I had such a good time producing it that I decided to continue it on my own — and over 10,000 subscribers immediately followed from TechRepublic. Today that list is huge, and this marks the 600th weekly edition. I couldn’t do any of this without the great questions from subscribers!

I don’t really have any favorite editions of my own, but there are several Ask The Headhunter articles and newsletters that I think are fundamental to what ATH is all about — so I thought it might be worth re-capping some of the “best of Ask The Headhunter.” I hope you enjoy this as much I’ve enjoyed putting it together! (And I hope you get a kick out of the series of mugshots I’ve used in the newsletter through the years!)

The Basics

If you’re new to Ask The Headhunter, this is a great place to start: The Headhunter’s Basics: Job hunting with the headhunter. This core set of articles explains:

  • What’s wrong with the employment system
  • How to use the strategy headhunters use — yourself!
  • What employers really want — and it’s not your interview skills!
  • The mistakes that will sink your job search
  • How to be the profitable hire that all good employers want

Resume Blasphemy

Nick1cI think my best article might be one I avoided writing for years. People kept asking, How can I write a really great resume that will get me a job?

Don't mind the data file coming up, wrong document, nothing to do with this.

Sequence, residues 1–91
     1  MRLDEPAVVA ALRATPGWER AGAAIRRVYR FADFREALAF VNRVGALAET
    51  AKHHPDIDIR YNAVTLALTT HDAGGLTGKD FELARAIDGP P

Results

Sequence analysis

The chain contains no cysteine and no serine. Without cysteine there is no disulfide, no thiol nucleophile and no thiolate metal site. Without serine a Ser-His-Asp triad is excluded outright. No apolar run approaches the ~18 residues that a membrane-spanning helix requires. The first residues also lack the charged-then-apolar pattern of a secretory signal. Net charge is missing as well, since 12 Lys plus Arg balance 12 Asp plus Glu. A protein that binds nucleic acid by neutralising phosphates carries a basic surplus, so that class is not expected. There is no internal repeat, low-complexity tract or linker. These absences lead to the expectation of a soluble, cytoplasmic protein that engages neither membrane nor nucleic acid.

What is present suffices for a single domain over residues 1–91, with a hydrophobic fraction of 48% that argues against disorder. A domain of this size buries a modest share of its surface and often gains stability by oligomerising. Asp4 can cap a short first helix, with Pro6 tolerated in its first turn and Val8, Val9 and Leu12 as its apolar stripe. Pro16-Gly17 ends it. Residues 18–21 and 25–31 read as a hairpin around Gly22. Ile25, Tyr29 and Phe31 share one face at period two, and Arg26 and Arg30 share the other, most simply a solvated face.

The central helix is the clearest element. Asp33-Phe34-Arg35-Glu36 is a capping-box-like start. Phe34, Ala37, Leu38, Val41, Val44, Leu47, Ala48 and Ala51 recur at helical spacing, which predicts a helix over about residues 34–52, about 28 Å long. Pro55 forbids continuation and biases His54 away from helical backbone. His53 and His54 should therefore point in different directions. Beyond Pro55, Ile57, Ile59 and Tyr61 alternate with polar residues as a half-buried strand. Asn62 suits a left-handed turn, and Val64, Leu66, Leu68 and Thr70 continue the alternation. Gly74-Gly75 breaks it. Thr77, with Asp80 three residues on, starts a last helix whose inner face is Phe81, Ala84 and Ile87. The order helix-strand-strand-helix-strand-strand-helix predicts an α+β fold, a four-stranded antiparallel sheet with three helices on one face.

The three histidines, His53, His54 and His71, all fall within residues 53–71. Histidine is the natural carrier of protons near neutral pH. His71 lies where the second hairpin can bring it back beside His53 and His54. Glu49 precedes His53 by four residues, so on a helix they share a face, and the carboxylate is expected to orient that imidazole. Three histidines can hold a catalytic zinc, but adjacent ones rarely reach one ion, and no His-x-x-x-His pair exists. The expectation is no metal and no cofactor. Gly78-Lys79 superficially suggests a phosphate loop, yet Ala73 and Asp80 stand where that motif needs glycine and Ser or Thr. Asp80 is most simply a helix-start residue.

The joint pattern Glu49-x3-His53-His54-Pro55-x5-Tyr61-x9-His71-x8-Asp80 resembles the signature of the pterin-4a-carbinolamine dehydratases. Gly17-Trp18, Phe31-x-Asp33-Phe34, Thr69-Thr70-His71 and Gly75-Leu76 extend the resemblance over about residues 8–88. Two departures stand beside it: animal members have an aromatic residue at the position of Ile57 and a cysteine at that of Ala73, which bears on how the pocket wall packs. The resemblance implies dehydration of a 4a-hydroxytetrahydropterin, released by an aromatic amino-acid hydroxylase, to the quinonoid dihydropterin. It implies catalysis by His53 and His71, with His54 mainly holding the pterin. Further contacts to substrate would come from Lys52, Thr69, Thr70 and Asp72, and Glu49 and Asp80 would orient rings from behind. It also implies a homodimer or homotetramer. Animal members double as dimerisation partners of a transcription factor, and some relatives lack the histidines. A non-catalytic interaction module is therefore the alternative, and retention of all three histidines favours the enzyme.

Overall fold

I’m not a fan of resumes. In fact, I think a resume is the worst crutch you can use when job hunting. But I realized that if I can’t answer this very popular question in some useful way, I have no right to publish Ask The Headhunter. Resume Blasphemy challenges you in a way that — if you do this exercise thoughtfully — will make you throw your resume away and forever change how you search for a job.

Free?

I’d like to set one thing straight. Yes, Ask The Headhunter is and continues to be free — the website, the blog, the newsletter. Literally thousands of pages of advice, tips and insights about job hunting, hiring and success at work.

But some stuff you do have to pay for: my PDF books, which organize my advice around specific topics in depth and detail. These books help offset the cost of producing all the free content you find on Ask The Headhunter — but so do the many clients who have licensed Ask The Headhunter features over the years. I’m grateful to every client and customer who has ever spent a buck on what I write!

Which brings us to perhaps the most powerful Ask The Headhunter advice of all.

Eliminate job search obstacles